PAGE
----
Human rights in times of civil war
In times of civil war human rights are endangered. Pakistan is no different. The only difference is that it is labelled as “war against terrorism.” Irrespective of what it is called we are in a state of war indisputably. And an undeclared emergency has been imposed in a soft coup.The real power has shifted to Rawalpindi from Islamabad. Courtesy indecisiveness and inefficiency of civilian government. But to be fair with them it has to be underlined that the domain of handling the militant non-state actors was always guarded by Rawalpindi.
Let’s have a cursory look at facts that support the contention — the country is in a state of war. In Balochistan, territory-wise largest but population-wise smallest province of the country, the fourth militant movement for independence has been going on now for over a decade. Instead of dealing it politically the establishment has erroneously always opted for a military solution. Even the Baloch who are with the government privately yearn for independence, such is the romance of this slogan. But they are conscious that independence is not in sight in the distant future, unless geopolitical situation changes radically.
The establishment tells us that resistance is petering off. Only Balochistan Liberation Army led by Dr Allahnazar is left in the battle ground but is badly bruised. Independent Balochistan sources agree but hastily add that their province is under siege of non-Baloch forces. This shows that a low intensity war is likely to continue.
A Baloch lady told me that Gwadar, the kingpin in CPEC, has too many checkposts much to the irritance of local. She had to fly back to Karachi from Gwadar to go to Turbat, although it was only a two-and-half hour drive between the two cities in peace times. Still activists are kidnapped and their dead bodies are found all over the province. In this situation human rights are violated with impunity in the name of national security. In this paradigm people are irrelevant, only territory matters. Sad!
In Federally Administered Tribal Areas (FATA) the war is against Islamist terrorists. As they have their ideological comrades spread in all provinces the war has spilled over. The FATA war has forced the people of the war zone to move out. One such internally displaced person from North Waziristan said he returned home when it was allowed only to find out that everything they had was destroyed in the military operation against Taliban. A senior Pashtun says the people from Mir Ali and Miramshah left 11,000 well-stocked shops when they were asked to evacuate at a short notice, once the operation started. But on return they found most of the shops demolished and stocks looted. While the FATA people supported Zarb-e-Azb to get rid of Taliban’s tyranny, they are bitter about lack of support by the government for their rehabilitation and no compensation for the damages incurred by them.
Almost all human rights activists gathered in Lahore at HRCP annual meet have been supporting war against terrorism. But they are also worried about the lack of transparency as there is no independent reporting about the operation. Only official version is coming out. Same is the case with most of encounter reports from all over the country. All we hear is the law enforcing agencies’ version that terrorists were killed in the encounter. Neither the media dares to investigate the background of those killed or injured, nor is it proved in the court that these alleged culprits were terrorists and they really opened fire on the police/Rangers. In cases where law enforcement agencies’ personnels are injured or are killed in the line of duty official version has more credibility.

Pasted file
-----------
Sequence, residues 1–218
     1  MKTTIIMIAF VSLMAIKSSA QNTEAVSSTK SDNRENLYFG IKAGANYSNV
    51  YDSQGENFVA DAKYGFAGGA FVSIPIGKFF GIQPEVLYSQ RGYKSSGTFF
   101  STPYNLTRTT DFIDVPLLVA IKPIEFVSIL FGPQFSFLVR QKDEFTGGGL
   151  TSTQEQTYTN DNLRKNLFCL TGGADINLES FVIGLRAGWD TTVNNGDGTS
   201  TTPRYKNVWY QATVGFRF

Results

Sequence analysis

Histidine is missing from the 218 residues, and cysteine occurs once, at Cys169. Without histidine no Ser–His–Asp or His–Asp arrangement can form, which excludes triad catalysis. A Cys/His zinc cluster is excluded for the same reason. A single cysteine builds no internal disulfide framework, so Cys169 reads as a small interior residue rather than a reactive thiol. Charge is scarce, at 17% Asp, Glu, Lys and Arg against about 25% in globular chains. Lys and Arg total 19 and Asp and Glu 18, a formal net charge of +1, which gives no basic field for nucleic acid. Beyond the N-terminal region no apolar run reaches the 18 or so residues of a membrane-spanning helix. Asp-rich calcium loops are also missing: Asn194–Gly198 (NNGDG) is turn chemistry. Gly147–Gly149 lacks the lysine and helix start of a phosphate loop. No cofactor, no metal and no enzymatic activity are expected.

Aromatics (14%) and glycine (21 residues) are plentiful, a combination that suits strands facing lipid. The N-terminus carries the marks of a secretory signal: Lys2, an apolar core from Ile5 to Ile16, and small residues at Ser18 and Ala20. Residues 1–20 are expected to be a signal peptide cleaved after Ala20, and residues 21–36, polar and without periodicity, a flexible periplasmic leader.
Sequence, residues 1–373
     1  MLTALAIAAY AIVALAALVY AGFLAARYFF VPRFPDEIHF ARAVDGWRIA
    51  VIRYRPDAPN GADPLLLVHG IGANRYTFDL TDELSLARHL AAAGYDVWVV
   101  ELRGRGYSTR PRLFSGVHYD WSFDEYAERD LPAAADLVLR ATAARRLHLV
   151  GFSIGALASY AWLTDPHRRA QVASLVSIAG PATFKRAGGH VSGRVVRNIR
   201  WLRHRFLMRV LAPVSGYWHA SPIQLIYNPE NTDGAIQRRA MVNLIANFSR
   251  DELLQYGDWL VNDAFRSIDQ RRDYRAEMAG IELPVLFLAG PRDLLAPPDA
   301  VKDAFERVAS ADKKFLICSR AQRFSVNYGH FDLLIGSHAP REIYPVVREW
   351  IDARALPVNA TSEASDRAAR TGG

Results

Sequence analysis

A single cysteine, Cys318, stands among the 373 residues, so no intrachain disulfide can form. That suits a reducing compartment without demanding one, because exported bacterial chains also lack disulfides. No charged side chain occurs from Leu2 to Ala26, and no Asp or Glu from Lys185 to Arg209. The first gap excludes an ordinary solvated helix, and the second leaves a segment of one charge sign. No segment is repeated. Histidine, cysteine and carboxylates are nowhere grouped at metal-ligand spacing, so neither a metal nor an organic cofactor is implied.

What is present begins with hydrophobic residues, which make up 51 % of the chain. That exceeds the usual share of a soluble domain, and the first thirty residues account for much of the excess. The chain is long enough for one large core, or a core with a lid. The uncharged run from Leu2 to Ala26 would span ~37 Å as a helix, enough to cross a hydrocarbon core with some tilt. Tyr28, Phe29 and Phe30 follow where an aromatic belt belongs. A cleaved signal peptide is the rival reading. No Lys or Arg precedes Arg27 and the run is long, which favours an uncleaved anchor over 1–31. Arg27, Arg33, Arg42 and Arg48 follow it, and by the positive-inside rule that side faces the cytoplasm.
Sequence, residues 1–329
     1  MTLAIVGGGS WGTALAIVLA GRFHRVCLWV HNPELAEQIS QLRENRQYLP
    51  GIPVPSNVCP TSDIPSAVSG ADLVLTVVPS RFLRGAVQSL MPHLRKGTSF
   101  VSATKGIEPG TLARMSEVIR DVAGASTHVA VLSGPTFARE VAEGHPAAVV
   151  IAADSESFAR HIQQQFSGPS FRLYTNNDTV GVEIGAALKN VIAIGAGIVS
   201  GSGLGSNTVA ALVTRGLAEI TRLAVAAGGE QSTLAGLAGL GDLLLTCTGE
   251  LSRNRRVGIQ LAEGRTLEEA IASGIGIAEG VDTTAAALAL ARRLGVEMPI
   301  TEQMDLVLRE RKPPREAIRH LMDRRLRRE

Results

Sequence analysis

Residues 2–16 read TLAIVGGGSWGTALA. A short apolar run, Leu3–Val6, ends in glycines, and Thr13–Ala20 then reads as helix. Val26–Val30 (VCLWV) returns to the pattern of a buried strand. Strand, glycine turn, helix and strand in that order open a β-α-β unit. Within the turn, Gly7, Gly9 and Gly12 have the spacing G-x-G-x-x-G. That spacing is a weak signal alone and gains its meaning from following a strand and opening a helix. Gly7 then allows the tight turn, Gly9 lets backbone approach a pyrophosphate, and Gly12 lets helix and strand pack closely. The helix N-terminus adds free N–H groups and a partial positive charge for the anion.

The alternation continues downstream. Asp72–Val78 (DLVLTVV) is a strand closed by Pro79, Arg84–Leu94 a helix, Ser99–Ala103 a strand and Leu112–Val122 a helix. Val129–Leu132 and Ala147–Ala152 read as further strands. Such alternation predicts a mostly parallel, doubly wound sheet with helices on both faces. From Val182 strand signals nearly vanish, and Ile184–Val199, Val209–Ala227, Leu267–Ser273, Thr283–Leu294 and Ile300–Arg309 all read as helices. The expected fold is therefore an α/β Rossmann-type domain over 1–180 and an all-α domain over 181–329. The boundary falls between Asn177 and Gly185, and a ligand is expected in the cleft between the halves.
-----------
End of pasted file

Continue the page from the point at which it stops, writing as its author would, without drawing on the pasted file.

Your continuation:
This is not all, the human rights activists are also concerned about the fact that the country is under a de- facto emergency. The proclamation of Protection of Pakistan Act (POPA) and the creation of military court under the 21st amendment proves the point. Though these laws were passed unanimously by the parliament to combat terrorism, a leading lawyer Asad Jamal pointed out at the Lahore seminar that ‘our detention regime is in violation of Pakistan’s obligations under the international human rights law framework and therefore must be changed.’ Human rights champion Asma Jehangir says that the extra-ordinary power acquired by law enforcement agencies makes it imminent that such broad powers are dispensed with transparency and utmost care. She is right because in practice such absolute powers are often used arbitrarily and create hatred against the state which is indeed counter-productive.
The President of Supreme Court Bar Association Zaffar Mehmood thinks that the courts should play their role to regulate that these emergency powers are not misused by the enforces. But the legal course is arduous and lengthy. For instance if a person is wrongfully arrested under POPA he/she can be detained for 90 days. Meanwhile as the ongoing practice is the agencies leak allegations as if they are proven facts. The media trial begins, hanging the alleged person’s reputation without trial. Even if one gets relief from the court it is likely to be way past 90 days. Who will compensate this unlucky person for the trauma, detention period and lost reputation?
The fact is that the number of terrorist attacks has dropped as a result of the operations. But the terrorist attacks now have become more lethal. Slick PR campaign by the ISPR has rallied public support. Only those whose human rights are trampled in this war and rights activists are demanding transparency and prompt oversight of judiciary.
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